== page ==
Published on February 8, 2013 by Carol
Beginning with King William’s war of the 1690s, England and France engaged in an on-going struggle for supremacy in North America. During the 1740s, and again in the French and Indian War of 1755-63, Mohicans played a vital role as scouts and rangers on the frontier between Canada and up-state New York. Their service is immortalized in the books (and films), Last of the Mohicans, by James Fenimore Cooper and in Northwest Passage by Kenneth Roberts. While Cooper imbued his Mohicans as the archetypal Noble Savage, doomed by the destiny of Europeans to sweep across America, Roberts portrays the Indian members of Rogers Rangers as drunken lackeys of the great white frontiersman. Both of these images are caricatures of the real role played by these Americans. Stockbridge warriors served in most of the campaigns between Lake George and Canada, fought alongside their Iroquois neighbors under Sir William Johnson against the French, and even participated with the English in putting down Pontiac’s Rebellion in the 1760s.
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For the young men of the Mohican and allied tribes, serving as soldiers was an expression of their traditional role as warriors for their people. While military service was appealing, its consequences had the accumulative effect of weakening the tribe. Death by bullet was compounded by death by disease, particularly in the cramped, sickly military camps of the 18th century. Smallpox, dysentery, measles, etc., all diminished the strength of the people. With each passing year, the number of the Stockbridges gradually declined.
While fighting for the King, and living with his colonial subjects, the Stockbridges (which became their new identification) continued to struggle to maintain their cultural and tribal identity. Other area Mohicans moved to Moravian communities in Pennsylvania and Ohio, and still others resided with regional tribes in the northeast and midwest. Wherever the Mohicans traveled however, all paid homage to Stockbridge and considered that community as their capital.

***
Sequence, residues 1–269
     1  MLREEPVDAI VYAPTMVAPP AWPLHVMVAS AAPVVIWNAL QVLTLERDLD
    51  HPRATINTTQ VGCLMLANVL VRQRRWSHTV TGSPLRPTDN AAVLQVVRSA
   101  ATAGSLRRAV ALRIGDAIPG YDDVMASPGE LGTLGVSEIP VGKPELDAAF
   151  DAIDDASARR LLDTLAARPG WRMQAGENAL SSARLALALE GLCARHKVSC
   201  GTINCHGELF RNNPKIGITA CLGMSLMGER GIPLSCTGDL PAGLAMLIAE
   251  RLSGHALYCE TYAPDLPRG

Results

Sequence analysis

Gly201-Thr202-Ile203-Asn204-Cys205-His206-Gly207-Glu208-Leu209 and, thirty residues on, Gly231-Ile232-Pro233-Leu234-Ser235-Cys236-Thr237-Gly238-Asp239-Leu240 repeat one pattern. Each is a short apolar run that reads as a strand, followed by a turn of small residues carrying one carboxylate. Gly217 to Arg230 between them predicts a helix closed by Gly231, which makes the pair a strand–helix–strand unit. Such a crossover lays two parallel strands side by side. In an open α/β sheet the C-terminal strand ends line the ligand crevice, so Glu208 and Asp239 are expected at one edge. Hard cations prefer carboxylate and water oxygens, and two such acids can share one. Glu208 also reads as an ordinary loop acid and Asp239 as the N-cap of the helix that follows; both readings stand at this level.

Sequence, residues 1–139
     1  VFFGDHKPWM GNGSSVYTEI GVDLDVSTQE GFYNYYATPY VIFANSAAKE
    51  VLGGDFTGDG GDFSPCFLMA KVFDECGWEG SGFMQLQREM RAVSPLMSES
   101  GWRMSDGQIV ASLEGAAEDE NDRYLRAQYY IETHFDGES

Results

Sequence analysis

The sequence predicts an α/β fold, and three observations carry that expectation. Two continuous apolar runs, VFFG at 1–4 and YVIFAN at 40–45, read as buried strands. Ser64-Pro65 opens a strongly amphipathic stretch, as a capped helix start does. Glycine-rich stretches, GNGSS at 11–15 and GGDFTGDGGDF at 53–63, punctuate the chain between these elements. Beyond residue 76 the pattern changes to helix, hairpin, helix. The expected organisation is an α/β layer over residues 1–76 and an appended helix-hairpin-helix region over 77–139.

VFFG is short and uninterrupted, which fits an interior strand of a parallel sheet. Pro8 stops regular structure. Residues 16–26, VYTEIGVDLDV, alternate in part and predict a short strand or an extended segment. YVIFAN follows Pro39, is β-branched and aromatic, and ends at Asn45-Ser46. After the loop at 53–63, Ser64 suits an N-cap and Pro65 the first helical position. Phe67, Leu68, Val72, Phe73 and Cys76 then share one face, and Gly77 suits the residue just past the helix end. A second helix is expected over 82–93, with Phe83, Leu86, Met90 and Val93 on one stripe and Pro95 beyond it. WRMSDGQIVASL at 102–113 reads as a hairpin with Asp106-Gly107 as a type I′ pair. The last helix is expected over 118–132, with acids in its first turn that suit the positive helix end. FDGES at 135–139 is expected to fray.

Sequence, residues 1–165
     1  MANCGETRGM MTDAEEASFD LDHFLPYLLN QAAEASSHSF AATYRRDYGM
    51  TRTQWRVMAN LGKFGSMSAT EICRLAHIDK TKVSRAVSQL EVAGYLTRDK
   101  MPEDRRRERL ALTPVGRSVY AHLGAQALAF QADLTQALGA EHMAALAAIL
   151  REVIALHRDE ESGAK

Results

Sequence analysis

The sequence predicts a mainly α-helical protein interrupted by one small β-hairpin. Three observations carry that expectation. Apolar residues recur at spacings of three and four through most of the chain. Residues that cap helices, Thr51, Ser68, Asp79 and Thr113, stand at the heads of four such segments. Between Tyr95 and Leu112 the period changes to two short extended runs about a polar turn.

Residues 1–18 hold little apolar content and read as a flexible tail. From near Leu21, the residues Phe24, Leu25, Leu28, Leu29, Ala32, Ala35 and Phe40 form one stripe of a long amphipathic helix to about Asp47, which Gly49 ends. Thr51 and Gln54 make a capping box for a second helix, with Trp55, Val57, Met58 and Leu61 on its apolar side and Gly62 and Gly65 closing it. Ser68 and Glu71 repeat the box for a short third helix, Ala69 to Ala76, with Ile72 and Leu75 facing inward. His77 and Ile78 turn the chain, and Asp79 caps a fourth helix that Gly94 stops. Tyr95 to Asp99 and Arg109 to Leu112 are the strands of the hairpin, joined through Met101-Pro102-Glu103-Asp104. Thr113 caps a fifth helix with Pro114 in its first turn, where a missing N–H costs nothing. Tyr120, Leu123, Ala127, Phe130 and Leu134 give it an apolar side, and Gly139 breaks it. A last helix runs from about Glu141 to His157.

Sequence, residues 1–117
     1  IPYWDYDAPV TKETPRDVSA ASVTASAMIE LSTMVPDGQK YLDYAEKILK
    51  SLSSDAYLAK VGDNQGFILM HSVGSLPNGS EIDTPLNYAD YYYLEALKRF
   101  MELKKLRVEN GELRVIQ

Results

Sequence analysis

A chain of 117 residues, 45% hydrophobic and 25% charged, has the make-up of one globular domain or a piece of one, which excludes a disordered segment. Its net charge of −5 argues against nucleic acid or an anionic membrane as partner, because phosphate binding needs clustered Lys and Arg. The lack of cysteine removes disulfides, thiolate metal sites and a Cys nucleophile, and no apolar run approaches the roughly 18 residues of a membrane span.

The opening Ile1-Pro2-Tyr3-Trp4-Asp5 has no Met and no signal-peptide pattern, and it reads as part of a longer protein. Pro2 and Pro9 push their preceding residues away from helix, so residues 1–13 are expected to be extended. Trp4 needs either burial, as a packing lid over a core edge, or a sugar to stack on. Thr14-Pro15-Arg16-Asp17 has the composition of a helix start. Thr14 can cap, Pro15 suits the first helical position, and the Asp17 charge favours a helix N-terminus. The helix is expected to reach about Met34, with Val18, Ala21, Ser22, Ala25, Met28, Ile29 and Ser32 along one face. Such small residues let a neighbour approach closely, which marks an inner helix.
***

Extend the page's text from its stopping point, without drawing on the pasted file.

Service to the United States
The tensions between the colonials in North American and the Mother Country caught Native Americans in an awkward position. While those tribes who lived on the frontier of the Ohio Valley and the Southeast mostly sided with the English, many eastern tribes fought along side their American neighbors against the King. Even the Iroquois Confederacy was split apart by the war; the Mohawk, Seneca and Cayuga eventually allied themselves with the British, while the Oneida and Tuscarora chose to support the movement for independence.
The Stockbridges sided early with the Patriots. The young men of the community, Indian, white and black served in local companies formed into militia, state and Continental regiments. In addition to playing an active role in the military history of the Revolution, the Stockbridge Mohicans played a vital role in diplomacy with their Algonquin brethren, notably the Delaware and Shawnees, on toe frontier. The American government utilized the Mohicans as liaisons with their western relations in an attempt to keep the frontier free from the raids and bloodshed that all too frequently accompanied warfare on the fringes of colonial settlement.
John Sergeant, Jr., son of one of the first missionaries at Stockbridge, wrote to Congress in November, 1776: